Directory. (8), (9)
A third period in the bilateral border relationship, which can be considered
the NAFTA phase, was initiated by the two new administrations of U.S. President
George Bush and Mexican President Vicente Fox in 2000. This phase, according
to Kelly, "offers real opportunities for progress, given the stronger
framework for federal, state, local, and NGO cross-border cooperation developed
in the early post-NAFTA phase." However, she also notes that there are
"high-stakes challenges ahead, which will require resolution, not just
goodwill and dialogue." Certainly the continued survival of the periodic
border meeting, as well as collaboration, rather than competition for funding,
can strengthen the resolution necessary for effective action on environmental,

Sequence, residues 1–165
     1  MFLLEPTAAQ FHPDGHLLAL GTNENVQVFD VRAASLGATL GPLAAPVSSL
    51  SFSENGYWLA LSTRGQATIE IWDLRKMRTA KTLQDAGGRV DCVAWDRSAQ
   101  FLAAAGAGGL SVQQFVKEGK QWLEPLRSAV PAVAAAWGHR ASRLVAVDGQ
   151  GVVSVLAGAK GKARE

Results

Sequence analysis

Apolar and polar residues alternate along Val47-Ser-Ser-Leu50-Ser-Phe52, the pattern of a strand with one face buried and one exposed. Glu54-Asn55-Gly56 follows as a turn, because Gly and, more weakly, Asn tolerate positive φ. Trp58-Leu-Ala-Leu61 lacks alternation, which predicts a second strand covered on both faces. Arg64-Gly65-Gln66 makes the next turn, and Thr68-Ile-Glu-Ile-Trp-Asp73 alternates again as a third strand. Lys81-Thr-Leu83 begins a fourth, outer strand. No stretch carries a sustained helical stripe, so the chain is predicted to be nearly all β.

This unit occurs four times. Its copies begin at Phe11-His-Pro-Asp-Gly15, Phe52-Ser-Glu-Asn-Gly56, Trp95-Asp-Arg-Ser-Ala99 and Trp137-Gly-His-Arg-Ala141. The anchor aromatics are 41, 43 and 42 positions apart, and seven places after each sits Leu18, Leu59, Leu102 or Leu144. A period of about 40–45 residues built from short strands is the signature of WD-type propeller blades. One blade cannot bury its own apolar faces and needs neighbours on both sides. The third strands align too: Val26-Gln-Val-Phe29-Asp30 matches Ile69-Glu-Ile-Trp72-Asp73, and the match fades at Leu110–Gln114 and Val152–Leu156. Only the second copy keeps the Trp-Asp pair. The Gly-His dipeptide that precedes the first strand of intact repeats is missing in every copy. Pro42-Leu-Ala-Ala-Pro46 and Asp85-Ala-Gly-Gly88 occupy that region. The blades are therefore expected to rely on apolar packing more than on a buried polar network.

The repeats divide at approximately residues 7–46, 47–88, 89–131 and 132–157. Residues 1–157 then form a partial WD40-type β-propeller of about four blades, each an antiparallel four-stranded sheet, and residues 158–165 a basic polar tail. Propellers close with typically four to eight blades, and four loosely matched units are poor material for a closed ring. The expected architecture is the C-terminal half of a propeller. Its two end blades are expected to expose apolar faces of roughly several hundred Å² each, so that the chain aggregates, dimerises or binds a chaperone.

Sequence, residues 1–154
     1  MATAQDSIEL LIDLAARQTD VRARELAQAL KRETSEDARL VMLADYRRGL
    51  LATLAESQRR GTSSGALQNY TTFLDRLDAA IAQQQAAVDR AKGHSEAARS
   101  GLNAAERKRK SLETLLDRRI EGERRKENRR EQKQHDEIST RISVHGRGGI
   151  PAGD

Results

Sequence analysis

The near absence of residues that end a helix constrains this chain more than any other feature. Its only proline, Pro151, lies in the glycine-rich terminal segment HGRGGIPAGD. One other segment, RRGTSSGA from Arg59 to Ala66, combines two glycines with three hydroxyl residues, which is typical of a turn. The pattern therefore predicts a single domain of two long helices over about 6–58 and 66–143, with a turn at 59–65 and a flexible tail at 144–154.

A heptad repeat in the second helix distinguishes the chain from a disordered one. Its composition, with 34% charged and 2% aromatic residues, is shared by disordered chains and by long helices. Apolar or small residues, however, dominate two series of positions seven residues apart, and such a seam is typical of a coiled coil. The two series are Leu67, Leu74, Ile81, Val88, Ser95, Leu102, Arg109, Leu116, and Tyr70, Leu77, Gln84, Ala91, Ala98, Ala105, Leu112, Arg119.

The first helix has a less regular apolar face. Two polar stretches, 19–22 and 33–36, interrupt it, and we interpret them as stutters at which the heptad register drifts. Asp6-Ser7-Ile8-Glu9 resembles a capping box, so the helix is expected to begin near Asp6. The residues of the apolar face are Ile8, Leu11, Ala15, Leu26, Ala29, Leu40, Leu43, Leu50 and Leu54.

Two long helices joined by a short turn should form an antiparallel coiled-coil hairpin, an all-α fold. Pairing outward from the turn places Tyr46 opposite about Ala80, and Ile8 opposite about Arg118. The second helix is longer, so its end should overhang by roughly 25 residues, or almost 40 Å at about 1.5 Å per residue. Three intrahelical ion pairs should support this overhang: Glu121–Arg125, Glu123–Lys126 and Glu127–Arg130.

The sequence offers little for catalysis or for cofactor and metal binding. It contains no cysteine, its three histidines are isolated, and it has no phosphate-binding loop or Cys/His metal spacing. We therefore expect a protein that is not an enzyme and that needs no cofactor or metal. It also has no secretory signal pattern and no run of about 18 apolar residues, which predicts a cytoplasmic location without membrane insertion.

health, and economic issues in the U.S.-Mexico borderlands. At an individual
NGO level, border activists need to continue to address the linguistic, cultural,
and other differences that make binational work a challenge.
Anne Browning-Aiken < email@example.com >,
Allison Davis < firstname.lastname@example.org >,
and Denise Moreno < email@example.com >
are members of the Udall Center for Studies in Public Policy at The University
of Arizona and carried out the "Survey of Organizational Goals, Strategies
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Organization Directory 2003. http://www.americaspolicy.org/borderlines/action-kit.html
Published by the Americas Program of the Interhemispheric
Resource Center (IRC, online at www.irc-online.org ).
©2003. All rights reserved.
Anne Browning-Aiken, Allison Davis, and Denise Moreno, “New Survey Reveals
Needs of U.S.-Mexico Border Groups,” Americas Program Special Report
(Silver City, NM: Interhemispheric Resource Center, October 2003).
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Writer: Anne Browning-Aiken, Allison Davis, and Denise Moreno